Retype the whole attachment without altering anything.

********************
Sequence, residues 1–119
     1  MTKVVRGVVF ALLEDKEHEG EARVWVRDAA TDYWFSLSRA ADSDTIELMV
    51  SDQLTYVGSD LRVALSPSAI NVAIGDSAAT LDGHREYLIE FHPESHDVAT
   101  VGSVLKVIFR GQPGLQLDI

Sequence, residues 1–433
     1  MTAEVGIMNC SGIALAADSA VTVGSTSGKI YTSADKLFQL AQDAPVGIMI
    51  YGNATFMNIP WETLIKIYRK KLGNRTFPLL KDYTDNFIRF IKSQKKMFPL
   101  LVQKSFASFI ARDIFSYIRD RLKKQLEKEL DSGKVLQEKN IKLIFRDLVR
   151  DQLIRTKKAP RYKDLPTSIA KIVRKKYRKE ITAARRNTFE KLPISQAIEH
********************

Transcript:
Sequence, residues 1–119
     1  MTKVVRGVVF ALLEDKEHEG EARVWVRDAA TDYWFSLSRA ADSDTIELMV
    51  SDQLTYVGSD LRVALSPSAI NVAIGDSAAT LDGHREYLIE FHPESHDVAT
   101  VGSVLKVIFR GQPGLQLDI

Sequence, residues 1–433
     1  MTAEVGIMNC SGIALAADSA VTVGSTSGKI YTSADKLFQL AQDAPVGIMI
    51  YGNATFMNIP WETLIKIYRK KLGNRTFPLL KDYTDNFIRF IKSQKKMFPL
   101  LVQKSFASFI ARDIFSYIRD RLKKQLEKEL DSGKVLQEKN IKLIFRDLVR
   151  DQLIRTKKAP RYKDLPTSIA KIVRKKYRKE ITAARRNTFE KLPISQAIEH